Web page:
Read Shoeless Joe by W.P. Kinsella Free Online
Book Title: Shoeless Joe|
The author of the book: W.P. Kinsella
Date of issue: July 12th 1986
ISBN 13: 9780345342263
Format files: PDF
The size of the: 540 KB
Edition: Ballantine Books
Read full description of the books Shoeless Joe:W. P. Kinsella passed away this weekend. Fittingly, we have selected his novel Shoeless Joe, the basis of the movie Field of Dreams, as our fiction selection for the baseball book club for October 2016. Featuring the characters who star in the film as well as additional personae and locations, it was a joy for me to reread this novel filled with examples of magical realism on and off of the baseball diamond. Although Kinsella hails from western Canada, at the time of this novel's publication he and his wife spent their summers driving through the United States to view America's pastime. He was a gem of a writer and a true fan of the game, and his love of baseball shines through the pages.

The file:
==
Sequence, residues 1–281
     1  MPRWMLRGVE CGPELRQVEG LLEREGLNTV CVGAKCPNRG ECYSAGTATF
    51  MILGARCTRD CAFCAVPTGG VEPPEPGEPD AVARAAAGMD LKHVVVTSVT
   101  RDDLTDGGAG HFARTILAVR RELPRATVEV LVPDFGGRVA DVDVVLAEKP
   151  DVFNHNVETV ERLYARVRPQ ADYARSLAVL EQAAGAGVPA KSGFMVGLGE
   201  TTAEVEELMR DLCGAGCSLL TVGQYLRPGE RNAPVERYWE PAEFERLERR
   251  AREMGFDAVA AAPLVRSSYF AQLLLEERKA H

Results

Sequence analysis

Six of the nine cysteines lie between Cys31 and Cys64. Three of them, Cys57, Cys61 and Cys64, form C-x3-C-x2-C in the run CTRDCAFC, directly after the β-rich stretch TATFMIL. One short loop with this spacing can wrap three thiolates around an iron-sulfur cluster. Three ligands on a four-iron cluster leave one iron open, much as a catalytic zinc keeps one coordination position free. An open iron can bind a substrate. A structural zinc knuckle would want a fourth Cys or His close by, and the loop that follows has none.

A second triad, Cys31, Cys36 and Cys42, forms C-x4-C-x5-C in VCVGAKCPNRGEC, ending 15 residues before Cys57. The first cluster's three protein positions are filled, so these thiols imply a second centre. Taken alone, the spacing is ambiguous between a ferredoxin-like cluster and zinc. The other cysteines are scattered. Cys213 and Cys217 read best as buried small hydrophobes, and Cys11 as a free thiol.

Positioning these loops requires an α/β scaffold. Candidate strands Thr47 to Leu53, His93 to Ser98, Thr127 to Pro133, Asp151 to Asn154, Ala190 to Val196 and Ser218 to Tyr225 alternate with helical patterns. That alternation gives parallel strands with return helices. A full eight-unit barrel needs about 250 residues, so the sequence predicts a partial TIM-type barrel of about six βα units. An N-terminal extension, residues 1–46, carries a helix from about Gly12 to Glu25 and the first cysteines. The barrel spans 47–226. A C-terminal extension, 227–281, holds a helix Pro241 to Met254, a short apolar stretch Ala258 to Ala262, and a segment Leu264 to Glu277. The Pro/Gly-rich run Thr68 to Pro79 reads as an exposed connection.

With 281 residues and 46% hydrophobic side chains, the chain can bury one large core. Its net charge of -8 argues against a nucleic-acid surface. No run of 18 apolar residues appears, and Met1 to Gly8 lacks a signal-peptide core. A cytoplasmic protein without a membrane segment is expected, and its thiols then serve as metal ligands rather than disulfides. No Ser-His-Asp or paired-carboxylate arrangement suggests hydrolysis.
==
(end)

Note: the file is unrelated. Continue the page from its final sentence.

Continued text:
The year is 1979. Ray Kinsella lives in a farm house outside of Iowa City with his wife Annie and their daughter Karin. One day he hears a voice telling him, "If you build it, he will come." Ray believes the voice refers to Shoeless Joe Jackson and the other eight members of the 1919 Chicago Black Sox scandal who had been banned from the game for life. Jackson was also the favorite player of Ray's father, and instead of being brought up with stories of nursery rhymes, Ray heard stories of Babe Ruth, Ty Cobb, and, of course, Shoeless Joe. Upon hearing the voice, Ray decides to plow under his corn and build a baseball field, deeming him crazy to all but his wife and daughter.